All the BGPMon users can be divided into three main groups. Each group will use BGPMon in a defferent level. We organize the user guide into three sections which each section is for a specifc group. So If you are a potential user of BGPMon, the first thing is to find which user group you are in. After that, you can find the most appropriate user guide to read.
Following are the three user groups of BGPmon:
Yes, we support MD5.
BGPmon does not implement the full BGP state machine. Hence there is no way for it to advertise routes to it's peers. It only monitors incoming BGP messages.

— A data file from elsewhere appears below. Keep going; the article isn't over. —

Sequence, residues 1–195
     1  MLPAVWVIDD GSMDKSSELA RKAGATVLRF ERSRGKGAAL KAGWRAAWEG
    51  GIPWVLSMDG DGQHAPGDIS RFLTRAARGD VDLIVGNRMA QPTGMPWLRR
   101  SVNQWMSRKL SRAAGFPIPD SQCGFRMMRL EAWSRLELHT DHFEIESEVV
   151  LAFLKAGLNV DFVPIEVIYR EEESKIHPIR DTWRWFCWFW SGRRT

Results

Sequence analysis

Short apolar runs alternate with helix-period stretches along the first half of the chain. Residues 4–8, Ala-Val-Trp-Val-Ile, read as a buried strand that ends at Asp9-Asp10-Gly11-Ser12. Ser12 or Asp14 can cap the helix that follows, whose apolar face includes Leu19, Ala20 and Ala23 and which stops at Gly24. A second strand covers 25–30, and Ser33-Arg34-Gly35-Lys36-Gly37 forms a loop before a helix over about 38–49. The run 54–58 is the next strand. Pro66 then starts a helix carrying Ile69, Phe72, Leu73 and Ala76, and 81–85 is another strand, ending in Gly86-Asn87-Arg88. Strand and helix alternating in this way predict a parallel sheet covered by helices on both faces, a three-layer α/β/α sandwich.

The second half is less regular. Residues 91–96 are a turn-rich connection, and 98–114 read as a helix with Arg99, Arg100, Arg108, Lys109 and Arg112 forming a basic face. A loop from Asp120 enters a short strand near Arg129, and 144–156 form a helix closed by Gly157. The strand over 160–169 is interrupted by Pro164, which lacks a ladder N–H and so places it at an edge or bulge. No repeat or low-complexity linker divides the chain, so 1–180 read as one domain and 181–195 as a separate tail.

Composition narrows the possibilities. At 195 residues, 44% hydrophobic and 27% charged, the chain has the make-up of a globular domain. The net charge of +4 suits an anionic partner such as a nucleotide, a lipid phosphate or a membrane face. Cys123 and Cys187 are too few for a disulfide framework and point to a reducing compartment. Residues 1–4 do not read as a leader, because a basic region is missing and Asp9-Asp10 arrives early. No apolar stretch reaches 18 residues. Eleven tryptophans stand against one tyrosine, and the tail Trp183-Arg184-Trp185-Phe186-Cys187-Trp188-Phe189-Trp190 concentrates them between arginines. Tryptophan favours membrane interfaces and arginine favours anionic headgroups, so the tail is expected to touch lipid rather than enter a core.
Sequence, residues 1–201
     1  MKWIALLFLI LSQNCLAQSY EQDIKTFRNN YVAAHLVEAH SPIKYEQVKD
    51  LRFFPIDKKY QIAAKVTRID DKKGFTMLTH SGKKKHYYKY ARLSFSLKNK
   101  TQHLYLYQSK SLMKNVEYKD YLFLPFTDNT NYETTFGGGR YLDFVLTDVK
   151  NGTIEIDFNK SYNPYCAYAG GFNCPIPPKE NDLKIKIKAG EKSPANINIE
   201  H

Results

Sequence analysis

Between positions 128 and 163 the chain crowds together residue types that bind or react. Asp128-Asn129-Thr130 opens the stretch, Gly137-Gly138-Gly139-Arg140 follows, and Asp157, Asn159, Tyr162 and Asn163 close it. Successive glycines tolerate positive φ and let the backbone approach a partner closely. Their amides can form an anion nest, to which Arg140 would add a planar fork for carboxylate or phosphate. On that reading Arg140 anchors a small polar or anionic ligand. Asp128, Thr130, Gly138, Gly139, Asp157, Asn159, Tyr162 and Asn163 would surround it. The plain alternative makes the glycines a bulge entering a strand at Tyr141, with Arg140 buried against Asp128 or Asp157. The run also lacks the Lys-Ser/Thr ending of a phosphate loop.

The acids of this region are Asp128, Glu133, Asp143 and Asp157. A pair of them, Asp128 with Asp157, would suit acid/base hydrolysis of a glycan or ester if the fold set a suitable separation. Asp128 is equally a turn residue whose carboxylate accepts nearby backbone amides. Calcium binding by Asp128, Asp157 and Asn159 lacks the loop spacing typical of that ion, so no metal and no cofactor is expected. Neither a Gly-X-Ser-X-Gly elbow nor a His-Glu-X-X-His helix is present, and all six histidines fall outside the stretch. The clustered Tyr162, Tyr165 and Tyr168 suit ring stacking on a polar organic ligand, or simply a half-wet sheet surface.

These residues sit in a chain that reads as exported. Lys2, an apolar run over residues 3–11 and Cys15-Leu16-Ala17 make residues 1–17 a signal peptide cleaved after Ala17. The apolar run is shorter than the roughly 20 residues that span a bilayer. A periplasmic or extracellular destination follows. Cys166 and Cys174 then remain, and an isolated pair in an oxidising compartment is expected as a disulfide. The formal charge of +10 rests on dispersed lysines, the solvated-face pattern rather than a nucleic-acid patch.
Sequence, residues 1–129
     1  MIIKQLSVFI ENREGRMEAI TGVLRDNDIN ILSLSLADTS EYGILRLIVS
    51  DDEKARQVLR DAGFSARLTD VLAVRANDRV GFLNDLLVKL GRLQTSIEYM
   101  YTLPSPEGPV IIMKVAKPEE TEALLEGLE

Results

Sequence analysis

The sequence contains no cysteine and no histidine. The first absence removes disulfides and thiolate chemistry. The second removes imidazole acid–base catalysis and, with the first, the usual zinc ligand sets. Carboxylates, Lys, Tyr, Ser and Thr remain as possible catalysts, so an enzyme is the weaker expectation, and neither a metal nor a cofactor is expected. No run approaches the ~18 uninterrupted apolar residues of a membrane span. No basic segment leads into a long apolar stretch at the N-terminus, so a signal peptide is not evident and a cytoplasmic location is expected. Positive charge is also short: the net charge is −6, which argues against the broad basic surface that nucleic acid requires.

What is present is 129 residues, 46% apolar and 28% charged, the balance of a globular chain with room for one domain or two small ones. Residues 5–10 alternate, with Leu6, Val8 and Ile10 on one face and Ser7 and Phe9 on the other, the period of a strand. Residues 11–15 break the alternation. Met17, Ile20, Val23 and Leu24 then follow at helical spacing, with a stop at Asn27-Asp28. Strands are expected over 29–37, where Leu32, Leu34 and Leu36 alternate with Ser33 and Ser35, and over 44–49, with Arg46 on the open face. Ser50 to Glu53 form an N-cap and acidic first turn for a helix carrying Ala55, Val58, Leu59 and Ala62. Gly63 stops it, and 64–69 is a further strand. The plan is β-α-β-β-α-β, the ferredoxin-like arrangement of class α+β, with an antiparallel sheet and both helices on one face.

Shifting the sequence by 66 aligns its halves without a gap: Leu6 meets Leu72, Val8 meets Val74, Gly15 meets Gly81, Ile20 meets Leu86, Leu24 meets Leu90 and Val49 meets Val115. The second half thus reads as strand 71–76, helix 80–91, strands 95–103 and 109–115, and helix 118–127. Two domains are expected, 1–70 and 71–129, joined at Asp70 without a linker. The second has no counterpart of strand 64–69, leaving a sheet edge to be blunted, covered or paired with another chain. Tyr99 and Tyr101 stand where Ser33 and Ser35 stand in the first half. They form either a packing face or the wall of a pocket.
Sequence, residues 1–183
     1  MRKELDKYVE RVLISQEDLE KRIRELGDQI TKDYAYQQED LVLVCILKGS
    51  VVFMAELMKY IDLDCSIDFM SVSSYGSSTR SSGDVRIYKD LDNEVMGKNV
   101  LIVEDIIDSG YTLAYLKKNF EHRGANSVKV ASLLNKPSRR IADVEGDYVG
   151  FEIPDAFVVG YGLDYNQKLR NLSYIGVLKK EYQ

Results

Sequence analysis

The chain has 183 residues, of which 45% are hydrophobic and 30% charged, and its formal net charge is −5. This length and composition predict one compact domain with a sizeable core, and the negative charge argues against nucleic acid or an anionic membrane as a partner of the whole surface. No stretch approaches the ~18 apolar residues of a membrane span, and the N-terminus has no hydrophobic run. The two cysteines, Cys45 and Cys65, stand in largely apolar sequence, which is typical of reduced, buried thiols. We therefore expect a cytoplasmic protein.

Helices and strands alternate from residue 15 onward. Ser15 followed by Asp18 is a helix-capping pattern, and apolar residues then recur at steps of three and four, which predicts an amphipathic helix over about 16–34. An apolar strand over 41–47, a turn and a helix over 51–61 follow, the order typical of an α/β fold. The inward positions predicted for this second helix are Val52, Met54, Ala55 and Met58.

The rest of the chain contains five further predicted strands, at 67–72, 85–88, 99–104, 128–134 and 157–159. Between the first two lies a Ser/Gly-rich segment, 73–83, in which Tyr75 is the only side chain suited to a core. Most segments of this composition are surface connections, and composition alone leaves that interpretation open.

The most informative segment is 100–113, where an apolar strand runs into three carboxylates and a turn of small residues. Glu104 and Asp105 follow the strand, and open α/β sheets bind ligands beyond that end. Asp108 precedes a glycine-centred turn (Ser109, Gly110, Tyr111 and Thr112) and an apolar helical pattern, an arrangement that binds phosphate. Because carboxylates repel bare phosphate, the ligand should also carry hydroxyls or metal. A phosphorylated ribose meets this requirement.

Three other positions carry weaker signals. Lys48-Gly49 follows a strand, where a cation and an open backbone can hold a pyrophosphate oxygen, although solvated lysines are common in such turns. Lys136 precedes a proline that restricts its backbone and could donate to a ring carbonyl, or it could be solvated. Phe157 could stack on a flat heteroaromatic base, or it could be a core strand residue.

If someone peers with instances of bgpmon that Colorado State University maintains, then the routing data that, will be collected from his routers will be publicly available. In case though, someone wants to maintain a private bgpmon cluster or node he can setup Access Control Lists that impose restrictions on who can view the data.
Full tables are generally more useful. For example, a researcher exploring a prefix hijack may want to see if the hijacked route became the preferred route in your network. so we would prefer you send a full table. Most (but not all) of peers send full tables. but some data is better than none at all so if full tables are a policy problem, even the routes originiting from your network can be very valuable.